reader writes regarding Meet Alden Marin:
“Zeppelin’s first Southern California show was actually May 2, 1969 at the Rose Palace in Pasadena.”
I didn’t check Alden’s figures ;) (He mentions their ‘first’ show at the Anaheim Convention Center.)
However, although the Rose Palace show was before they hit Anaheim in August, the first US tour made it to the Whiskey A Go Go (go, Buffalo Springfield!) on January 2nd, so LA wins. In fact, my old home town San Diego beats both Pasadena and Anaheim; the boys played the Fox Theater (now Copley Symphony Hall, one of the finest classical venues on the planet) on January 13th. It was their sixth SoCal date (the first five being a five-day run at WAGG.)
Thanks for writing (and for reading!)
his morning I heard Black Sabbath’s “Iron Man” for the first time in almost thirty years. I was surprised that it appealed to me just as much as when I was twelve. I was also surprised at how exactly lead guitarist Tony Iommi sounded like Led Zeppelin‘s Jimmy Page during the same era. I never read an Iron Man comic, although I was vaguely familiar with the character. An Iron Man movie was planned a couple years ago, and according to some sources is due for release in about 2004.
Wonder if Black Sabbath will reunite to do the soundtrack? I’d prefer Peter Gabriel, myself.
rivia question: the drummer on Steve Miller’s “My Dark Hour” is listed in the credits as ‘Paul Ramon'; what’s his real name?
Hover here for one hint
Some random thoughts regarding the tunes I listened to on my way to work today:
- “Hush” – Deep Purple – Jon Lord once said, “I think my organ playing has something to do with the sound of the band.” In stand-up comedy, we call this ‘humor by understatement.’ While many of the band members were extremely talented it is Lord’s performances on a Hammond B3 organ which typify this band’s sound for me.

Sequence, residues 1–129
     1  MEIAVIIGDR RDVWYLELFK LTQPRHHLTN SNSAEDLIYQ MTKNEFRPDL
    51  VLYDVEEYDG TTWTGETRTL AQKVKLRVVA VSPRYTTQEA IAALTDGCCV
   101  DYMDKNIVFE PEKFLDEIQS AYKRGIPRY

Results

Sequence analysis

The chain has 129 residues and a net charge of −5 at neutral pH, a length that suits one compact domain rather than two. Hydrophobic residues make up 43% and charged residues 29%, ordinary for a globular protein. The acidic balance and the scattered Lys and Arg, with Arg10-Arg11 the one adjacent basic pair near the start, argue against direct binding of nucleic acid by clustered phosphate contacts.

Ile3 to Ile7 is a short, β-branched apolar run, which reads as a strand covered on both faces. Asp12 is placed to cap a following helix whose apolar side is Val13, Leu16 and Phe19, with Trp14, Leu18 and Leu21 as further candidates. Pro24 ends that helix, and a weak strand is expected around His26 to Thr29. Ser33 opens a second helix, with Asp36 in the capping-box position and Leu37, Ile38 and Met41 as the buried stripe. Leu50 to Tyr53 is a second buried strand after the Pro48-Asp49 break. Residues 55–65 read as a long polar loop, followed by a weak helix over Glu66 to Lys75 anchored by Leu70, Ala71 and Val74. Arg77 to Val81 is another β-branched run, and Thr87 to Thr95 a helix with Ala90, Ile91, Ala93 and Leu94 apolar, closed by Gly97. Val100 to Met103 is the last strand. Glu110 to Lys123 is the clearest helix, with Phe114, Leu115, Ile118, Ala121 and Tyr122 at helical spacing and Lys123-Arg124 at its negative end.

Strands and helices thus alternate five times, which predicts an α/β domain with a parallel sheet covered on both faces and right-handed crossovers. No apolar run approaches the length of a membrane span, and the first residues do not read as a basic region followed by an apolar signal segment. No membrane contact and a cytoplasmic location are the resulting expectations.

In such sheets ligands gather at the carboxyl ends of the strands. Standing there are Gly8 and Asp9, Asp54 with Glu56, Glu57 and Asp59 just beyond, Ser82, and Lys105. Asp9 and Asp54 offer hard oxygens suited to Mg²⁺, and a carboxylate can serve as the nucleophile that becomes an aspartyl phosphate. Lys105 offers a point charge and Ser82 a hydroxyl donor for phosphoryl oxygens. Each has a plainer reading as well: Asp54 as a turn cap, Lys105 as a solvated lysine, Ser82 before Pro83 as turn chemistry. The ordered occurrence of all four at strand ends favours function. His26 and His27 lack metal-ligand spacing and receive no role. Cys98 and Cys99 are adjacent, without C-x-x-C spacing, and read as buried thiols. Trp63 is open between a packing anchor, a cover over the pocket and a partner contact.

- “Quinn the Eskimo” – Manfred Mann – No, not the wimpy studio version (and please, for your own sake, avoid Dylan’s original; a classic example of bad arranging.) Side two (did I say that? well, on vinyl, it was side two!) has three tracks, two of them live, which show what a powerful rock band this was. The closing track is a huge keyboard extravaganza. After the opening verses, the pace becomes frenetic as drums, guitar and keyboards all try to out-intense each other. Chris Slade should have stayed with the band. His drumming is almost machine-like in its precision, but there’s too much feeling to ever mistake it for anything electronic.
- “I Still Miss Someone” – Lester Flatt, Earl Scruggs, and the Foggy Mountain Boys – Lester Flatt was a great singer. No, his voice isn’t polished and refined, he doesn’t reach up to those impressive high notes; instead, he made simple tunes about human emotions sound genuine. When Lester was happy, you were happy; when he sang a sad song, you cried. While Earl’s banjo was the flashy partner, Lester’s voice is what I miss.
- Commercial music?
- “(Outside the Gates of) Cerdes” – Procol Harum – Robin Trower occasionally got ahold of Keith Reid’s lyrics before Gary Brooker got to them. While Brooker tended toward the beautifully orchestrated pieces, Trower is a bluesman. “Cerdes” opens with a bass line I just can’t resist, and includes some fine guitar work by Trower. As usual, Reid’s lyrics hover somewhere between confusing and bizzare.